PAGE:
August 16th, 2012

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Diplomatic Buffoonery

I'd dearly love to know why the UK Government is making such an arse of itself over the question of the Ecuadorian embassy. Is it being leant on? Or does it really fear Assange so much that it's willing to overturn the whole principle of the sovereignty of embassies on which international diplomacy depends, just to catch him?

I know they're citing the Diplomatic and Consular Premises Act of 1987, which allows the Home Secretary to withdraw the diplomatic status of an embassy - but that, let's be clear, is a nuclear option, more appropriate for cases such as that of the Libyans in 1984, where they were actually shooting from the embassy windows. All the Ecuadorians are doing is harbouring someone the UK authorities would like to arrest, just as embassies of all stripes have done for centuries. Do we believe that the UK government would be taking the same line if Assange were being sheltered by, say, the Chinese or the French? Thought not. I don't agree with every claim about British imperialism emanating from South America (cf. Argentina), but in this case the Ecuadorians are right on the money.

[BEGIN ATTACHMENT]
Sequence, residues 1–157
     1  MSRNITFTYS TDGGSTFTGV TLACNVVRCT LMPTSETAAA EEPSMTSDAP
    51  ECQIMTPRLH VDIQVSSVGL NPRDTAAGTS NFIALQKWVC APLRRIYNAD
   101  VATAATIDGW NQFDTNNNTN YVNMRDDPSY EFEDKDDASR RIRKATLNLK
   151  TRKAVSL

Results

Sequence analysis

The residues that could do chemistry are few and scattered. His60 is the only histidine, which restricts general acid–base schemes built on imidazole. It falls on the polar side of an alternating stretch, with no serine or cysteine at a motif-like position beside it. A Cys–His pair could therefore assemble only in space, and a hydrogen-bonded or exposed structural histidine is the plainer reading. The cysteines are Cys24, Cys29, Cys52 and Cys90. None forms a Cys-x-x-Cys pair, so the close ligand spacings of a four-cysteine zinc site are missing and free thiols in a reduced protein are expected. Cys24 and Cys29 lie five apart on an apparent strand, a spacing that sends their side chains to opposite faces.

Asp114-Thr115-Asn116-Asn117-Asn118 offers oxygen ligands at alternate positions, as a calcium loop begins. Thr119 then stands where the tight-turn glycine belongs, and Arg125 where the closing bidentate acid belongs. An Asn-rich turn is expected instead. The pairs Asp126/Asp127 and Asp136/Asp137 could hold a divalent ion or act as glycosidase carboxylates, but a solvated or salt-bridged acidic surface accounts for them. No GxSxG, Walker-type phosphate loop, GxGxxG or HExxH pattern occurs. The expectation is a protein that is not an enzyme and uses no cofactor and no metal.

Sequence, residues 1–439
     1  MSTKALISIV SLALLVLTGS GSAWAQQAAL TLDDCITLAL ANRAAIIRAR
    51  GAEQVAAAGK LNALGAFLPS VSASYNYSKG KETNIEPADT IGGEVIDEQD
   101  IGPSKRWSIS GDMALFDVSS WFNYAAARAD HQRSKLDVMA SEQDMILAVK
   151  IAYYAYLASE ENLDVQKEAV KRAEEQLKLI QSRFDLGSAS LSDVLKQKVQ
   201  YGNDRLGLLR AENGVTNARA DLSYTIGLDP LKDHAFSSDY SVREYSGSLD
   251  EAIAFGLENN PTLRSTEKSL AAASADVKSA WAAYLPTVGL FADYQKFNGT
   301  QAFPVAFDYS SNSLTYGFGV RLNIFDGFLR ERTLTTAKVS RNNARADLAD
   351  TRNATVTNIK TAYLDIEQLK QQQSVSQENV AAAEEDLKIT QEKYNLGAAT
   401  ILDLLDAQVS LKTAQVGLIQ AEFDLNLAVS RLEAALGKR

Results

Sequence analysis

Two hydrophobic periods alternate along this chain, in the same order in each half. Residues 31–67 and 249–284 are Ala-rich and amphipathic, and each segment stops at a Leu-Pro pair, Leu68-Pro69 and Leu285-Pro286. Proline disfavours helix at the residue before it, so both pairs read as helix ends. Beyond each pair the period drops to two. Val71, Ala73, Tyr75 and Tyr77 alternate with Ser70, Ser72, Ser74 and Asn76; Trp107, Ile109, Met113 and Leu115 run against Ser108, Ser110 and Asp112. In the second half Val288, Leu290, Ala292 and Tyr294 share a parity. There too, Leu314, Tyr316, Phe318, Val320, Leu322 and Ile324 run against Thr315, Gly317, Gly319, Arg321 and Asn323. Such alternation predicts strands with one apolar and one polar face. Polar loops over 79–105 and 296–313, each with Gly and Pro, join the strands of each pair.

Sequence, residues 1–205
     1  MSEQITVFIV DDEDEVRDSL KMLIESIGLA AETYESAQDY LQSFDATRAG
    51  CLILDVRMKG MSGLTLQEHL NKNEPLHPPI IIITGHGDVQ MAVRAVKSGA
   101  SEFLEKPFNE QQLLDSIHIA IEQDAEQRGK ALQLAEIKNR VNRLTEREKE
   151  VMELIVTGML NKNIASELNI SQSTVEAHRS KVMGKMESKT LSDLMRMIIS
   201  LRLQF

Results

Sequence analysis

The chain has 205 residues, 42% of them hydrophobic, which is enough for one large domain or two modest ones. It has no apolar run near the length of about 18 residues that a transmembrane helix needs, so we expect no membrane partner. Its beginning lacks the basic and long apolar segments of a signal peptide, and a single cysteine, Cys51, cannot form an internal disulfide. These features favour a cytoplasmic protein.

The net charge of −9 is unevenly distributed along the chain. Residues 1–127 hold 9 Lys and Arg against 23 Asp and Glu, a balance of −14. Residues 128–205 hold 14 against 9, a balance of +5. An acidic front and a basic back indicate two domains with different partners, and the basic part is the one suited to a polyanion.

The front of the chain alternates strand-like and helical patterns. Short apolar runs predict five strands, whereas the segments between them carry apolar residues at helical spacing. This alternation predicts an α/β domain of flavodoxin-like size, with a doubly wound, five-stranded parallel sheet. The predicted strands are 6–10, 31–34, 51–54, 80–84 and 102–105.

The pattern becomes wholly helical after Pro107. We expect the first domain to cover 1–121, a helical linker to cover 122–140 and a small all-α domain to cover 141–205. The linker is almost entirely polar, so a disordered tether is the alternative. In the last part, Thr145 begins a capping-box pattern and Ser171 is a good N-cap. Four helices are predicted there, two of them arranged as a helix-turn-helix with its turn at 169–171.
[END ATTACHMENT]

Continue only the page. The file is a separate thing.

Only, I do suspect that the British are acting as someone else's catspaw here. The crimes Assange is accused of are ones I consider serious, but the UK government has never acted with this degree of rigour to extradite alleged foreign rapists before. Compare and contrast the situation in 2004, when it actually made arrangements to allow the well-known child molester Roman Polanski to sue Vanity Fair in London without having to enter the country, hence avoiding the necessity of extraditing him to the USA. With that history of bending over backwards to provide assistance to rapists, why should we believe them now?